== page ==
Rajendra K. Pachauri
|3rd Chair of the Intergovernmental Panel on Climate Change|
20 April 2002 – 24 February 2015
|Preceded by||Robert Watson|
|Succeeded by||Hoesung Lee|
Rajendra Kumar Pachauri
20 August 1940
Nainital, United Provinces, British India
(now in Uttarakhand, India)
|Died||13 February 2020 (aged 79)|
New Delhi, India
|Children||Ash Pachauri (son)
Rashmi Pachauri Rajan (daughter)Shonali Pachauri (daughter)
|Alma mater||La Martiniere College, Lucknow; North Carolina State University (MS 1972, PhD 1974)|
|Occupation||Former Chairman, Intergovernmental Panel on Climate Change, Former Chairman and Director General, The Energy and Resources Institute (TERI)|
|Awards||Padma Vibhushan, Nobel Peace Prize (on behalf of IPCC)|
Rajendra Kumar Pachauri (20 August 1940 – 13 February 2020) was the chairman of the Intergovernmental Panel on Climate Change (IPCC) from 2002 to 2015, during the fourth and fifth assessment cycles. Under his leadership the IPCC was awarded the Nobel Peace Prize in 2007 and delivered the Fifth Assessment Report, the scientific foundation of the Paris Agreement. He held the post from 2002 until his resignation in February 2015 after facing multiple allegations of sexual harassment. He was succeeded by Hoesung Lee. Dr Pachauri assumed his responsibilities as the Chief Executive of The Energy and Resources Institute in 1981 and led the institute for more than three decades and demitted office as Executive Vice Chairman of TERI in 2016. Dr Pachauri, universally known as Patchy, was an internationally recognized voice on environmental and policy issues, and his leadership of the IPCC contributed to the issue of human-caused climate change becoming recognized as a matter of vital global concern.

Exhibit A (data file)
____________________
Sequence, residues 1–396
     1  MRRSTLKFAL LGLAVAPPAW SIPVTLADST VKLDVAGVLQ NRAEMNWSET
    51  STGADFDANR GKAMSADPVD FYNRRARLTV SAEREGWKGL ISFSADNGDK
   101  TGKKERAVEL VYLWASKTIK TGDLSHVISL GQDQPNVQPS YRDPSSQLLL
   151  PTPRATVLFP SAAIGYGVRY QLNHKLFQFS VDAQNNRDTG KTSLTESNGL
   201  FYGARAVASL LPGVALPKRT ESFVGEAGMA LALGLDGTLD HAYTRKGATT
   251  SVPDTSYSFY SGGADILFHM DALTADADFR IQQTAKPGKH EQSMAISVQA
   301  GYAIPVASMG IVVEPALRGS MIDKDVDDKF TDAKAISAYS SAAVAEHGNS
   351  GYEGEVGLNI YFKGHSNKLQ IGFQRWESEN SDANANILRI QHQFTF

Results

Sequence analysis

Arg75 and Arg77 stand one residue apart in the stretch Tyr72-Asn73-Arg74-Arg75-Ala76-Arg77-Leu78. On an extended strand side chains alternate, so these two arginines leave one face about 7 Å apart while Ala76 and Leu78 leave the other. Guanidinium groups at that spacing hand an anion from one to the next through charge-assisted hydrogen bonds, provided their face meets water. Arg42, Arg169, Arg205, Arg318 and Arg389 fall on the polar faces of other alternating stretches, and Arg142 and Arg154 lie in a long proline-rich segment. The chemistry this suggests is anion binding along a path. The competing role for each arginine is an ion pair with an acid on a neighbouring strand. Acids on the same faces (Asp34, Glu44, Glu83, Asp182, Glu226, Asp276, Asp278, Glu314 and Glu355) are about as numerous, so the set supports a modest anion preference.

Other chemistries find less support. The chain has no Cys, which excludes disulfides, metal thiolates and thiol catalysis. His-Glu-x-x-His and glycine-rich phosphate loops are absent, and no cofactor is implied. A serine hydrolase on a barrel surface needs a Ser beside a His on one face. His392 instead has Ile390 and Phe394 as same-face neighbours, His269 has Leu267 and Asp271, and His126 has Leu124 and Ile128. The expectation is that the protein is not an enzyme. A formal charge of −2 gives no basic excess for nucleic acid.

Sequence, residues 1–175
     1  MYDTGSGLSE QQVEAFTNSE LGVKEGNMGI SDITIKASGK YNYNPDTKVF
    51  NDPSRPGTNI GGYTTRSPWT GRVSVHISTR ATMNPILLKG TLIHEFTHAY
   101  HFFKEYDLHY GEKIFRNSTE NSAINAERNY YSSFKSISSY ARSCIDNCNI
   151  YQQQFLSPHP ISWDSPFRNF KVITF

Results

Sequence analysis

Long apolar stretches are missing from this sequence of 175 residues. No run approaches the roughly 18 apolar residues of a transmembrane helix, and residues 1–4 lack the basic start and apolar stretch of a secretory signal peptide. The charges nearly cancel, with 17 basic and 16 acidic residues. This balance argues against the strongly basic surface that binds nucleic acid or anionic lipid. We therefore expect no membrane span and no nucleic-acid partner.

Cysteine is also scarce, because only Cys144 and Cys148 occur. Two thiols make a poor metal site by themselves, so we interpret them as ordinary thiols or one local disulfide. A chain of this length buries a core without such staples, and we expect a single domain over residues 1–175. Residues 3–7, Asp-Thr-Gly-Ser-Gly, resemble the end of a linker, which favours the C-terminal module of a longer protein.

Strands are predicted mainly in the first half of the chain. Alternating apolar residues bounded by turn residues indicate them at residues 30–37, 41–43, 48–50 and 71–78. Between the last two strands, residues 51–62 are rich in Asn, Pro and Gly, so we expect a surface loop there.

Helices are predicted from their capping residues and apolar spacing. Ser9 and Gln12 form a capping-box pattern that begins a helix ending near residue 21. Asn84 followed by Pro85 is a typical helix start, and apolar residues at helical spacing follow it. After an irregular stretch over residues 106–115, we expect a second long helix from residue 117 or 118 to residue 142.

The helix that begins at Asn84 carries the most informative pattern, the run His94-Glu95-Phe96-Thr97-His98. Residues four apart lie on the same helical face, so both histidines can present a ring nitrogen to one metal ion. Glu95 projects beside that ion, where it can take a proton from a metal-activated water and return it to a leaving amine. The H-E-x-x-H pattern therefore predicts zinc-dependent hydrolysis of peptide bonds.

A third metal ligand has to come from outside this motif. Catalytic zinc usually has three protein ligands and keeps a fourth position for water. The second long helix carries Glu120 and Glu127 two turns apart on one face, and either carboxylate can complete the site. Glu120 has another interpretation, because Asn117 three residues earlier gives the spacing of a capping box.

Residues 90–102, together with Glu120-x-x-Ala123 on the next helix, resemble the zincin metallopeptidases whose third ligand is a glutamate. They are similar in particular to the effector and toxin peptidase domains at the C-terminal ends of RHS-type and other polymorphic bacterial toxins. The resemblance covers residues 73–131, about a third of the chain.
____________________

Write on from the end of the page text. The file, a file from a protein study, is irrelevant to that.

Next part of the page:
Pachauri was born in Nainital, India. He was educated at La Martiniere College in Lucknow and at the Indian Railways Institute of Mechanical and Electrical Engineering in Jamalpur, Bihar. He belonged to the Special Class Railway Apprentices, 1958 Batch, an elite scheme which heralded the beginning of mechanical engineering education in India. He began his career with the Indian Railways at the Diesel Locomotive Works in Varanasi. He was admitted to North Carolina State University in Raleigh, United States, where he obtained an MS in Industrial Engineering in 1972, and a PhD with co-majors in Industrial Engineering and Economics in 1974. His doctoral thesis was titled A dynamic model for forecasting of electrical energy demand in a specific region located in North and South Carolina. He was a strict vegetarian, largely because of "the environmental and climate change implications."
He served as Assistant Professor (August 1974 – May 1975) and Visiting Faculty Member (Summer 1976 and 1977) in the Department of Economics and Business at NC State. He was a Visiting Professor of Resource Economics at the College of Mineral and Energy Resources, West Virginia University. On his return to India, he joined the Administrative Staff College of India, Hyderabad, as Member Senior Faculty (June 1975 – June 1979) and went on to become Director, Consulting and Applied Research Division (July 1979 – March 1981). He joined The Energy and Resources Institute (TERI) as Director in 1982. He was also a Senior Visiting Fellow at the Resource Systems Institute (1982), and Visiting Research Fellow at the World Bank, Washington DC (1990). On 20 April 2002, Pachauri was elected Chairman of the Intergovernmental Panel on Climate Change, a United Nations panel established by the World Meteorological Organization (WMO) and United Nations Environment Programme (UNEP) to assess information relevant for understanding climate change.